Monday, 26 April 2010

I have been reading ... a book about the Irish Army

I have just finished re-reading Donal MacCarron's book about the Irish Army during the Second World War. The book is 'STEP TOGETHER!' (Published in 1999 by Irish Academic Press [ISBN 0 7165 2619 0]) and it tells the story of the Irish Army from the outbreak of World War II – when it only numbered 7,500 men – until 1945 when it had 60,000 full-time and 290,000 part-time personnel.

The book is full of wonderful anecdotes as well as numerous black and white photographs. I bought it some time ago and read it almost straight away, but since my interest in the inter-war era has been growing … and I have been looking for a prototype small European army upon which to base one or more of my imagi-nation armies … it seemed the right time to read it again.

I would recommend this book to any reader who has an interest in some of the more obscure armies of the 1930s and 1940s; it is well worth trying to find a copy if you can.


  1. It sounds very interesting--I really don't know much of anything about Ireland during the War, except that I've always been a bit perplexed at its remaining neutral. I'm aware of Ireland's antipathy towards the UK, of course, and towards Churchill in particular, but given the alternative ... would Ireland have really been OK with a German victory?!

    I noticed the picture on the jacket indicates a uniform very similar to that of the UK, which given the hatred noted above, is rather ironic.

  2. Chris J,

    One thing to remember is that De Valera had been a leading Anti-Treaty Republican, and had fought against the Pre-Treaty Republicans during the Irish Civil War (in which, incidentally, the casualties were higher than during the period between 1916 and Partition/Home Rule i.e. the War for Independence). He was, as a result, very pro-neutral.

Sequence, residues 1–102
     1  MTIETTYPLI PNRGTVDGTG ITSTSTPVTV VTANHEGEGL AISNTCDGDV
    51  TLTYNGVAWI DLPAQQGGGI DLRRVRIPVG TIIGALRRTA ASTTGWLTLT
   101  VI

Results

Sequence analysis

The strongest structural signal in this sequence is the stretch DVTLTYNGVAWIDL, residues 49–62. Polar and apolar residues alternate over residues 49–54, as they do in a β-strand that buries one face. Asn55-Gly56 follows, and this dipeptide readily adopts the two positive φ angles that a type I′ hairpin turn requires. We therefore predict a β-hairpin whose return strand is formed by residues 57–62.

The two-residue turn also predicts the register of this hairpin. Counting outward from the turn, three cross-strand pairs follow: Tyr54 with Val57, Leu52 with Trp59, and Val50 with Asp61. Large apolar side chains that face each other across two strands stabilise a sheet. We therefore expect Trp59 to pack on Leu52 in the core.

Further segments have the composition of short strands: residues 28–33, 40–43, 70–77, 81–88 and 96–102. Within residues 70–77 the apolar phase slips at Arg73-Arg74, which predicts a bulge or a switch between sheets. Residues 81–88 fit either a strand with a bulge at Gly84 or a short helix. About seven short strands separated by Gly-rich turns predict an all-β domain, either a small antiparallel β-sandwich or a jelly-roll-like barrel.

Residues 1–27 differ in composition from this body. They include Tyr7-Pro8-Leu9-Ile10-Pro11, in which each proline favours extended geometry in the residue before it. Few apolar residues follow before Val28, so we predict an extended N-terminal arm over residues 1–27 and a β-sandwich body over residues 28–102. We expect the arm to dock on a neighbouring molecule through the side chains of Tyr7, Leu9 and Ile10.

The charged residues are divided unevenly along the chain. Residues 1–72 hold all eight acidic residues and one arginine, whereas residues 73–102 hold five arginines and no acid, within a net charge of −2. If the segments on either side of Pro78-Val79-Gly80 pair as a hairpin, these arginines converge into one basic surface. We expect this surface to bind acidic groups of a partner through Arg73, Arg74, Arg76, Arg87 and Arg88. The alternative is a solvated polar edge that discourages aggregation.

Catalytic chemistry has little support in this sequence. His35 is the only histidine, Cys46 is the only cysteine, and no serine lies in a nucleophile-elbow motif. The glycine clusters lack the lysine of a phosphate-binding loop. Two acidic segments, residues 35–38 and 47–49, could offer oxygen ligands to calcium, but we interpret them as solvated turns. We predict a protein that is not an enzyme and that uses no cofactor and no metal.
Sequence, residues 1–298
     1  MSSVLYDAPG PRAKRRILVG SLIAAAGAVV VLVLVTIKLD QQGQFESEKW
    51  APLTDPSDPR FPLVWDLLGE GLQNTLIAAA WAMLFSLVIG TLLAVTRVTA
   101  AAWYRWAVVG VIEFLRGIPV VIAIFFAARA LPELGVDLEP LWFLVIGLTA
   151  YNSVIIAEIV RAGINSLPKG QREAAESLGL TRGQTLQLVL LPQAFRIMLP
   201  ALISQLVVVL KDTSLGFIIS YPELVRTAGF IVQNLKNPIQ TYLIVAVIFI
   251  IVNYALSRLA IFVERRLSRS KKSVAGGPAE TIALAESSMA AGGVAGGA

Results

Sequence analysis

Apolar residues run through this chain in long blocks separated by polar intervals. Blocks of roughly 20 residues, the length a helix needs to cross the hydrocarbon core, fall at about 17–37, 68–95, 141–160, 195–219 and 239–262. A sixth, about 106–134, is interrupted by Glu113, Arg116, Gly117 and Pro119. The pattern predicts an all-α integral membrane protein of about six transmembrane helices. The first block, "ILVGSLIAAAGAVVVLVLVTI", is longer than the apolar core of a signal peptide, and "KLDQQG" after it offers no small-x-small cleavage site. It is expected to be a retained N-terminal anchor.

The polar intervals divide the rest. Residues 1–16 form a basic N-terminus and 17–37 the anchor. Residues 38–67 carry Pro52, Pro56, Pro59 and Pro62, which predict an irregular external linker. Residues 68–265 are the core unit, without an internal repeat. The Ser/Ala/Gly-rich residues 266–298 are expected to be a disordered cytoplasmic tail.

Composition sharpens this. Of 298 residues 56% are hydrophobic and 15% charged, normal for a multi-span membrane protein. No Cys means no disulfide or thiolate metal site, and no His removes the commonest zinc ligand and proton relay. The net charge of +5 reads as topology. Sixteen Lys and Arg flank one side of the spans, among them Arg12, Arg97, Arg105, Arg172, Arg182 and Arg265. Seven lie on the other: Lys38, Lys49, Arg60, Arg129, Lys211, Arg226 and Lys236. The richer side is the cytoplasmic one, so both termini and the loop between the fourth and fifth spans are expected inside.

The Irish economy had been hard hit by the Depression, there was still considerable resentment as a result of the Partition, and the antipathy of Churchill to De Valera (and vice versa) meant that Ireland was in no state to fight on either side, and as a young nation did not want to.

    The Irish would have resisted any invasion, had it come, but I suspect that they knew that a German one was unlikley because of the distance involved, and that a British one was unlikely because the UK needed US support (who would have been against such a move) and could not spare the forces to mount the operation.

    The uniform question is an interesting one. Before 1939 the Irish Army uniform was very Germanic in style because of the use of a German-style steel helmet (made by Vickers!) and tall leather leggings. This was replaced by a much more Anglo-Saxon style of uniform, with Britain supplying large numbers of 'battle bowlers' to replace the earlier helmets. The Irish Army did not adopt the Battledress tunic (they kept a longer style of jacket tunic simlar to that worn the the US Army) or Battledress trousers (the Irish wore long straight trousers that were gathered together into leather 'jampot' gaiters). So they looked more like the US Army of 1940/41 than the British Army.

    All the best,


    PS. I understand that more Irishmen served in the Regular British Army from 1939 to 1945 than served in the Irish Army during the same period, so their sympathies would appear to be - at heart - more pro-British and/or anti-Nazi than not.

  3. I remember an Airfix magazine from the late 60's which had great photos of Irish troops in their Germanic uniforms armed with lee enfields and Vickers Mgs - pure Imagi-nation stuff.

    I used some jacklex 20mm WW1 Germans as Irish in a couple of tabletop adventures.


  4. Mark,

    Your reminder about the Jacklex range is very timely ... especially as the Vintage Wargaming website has news about Jack Alexander launching a 'new' range of figures!

    All the best,



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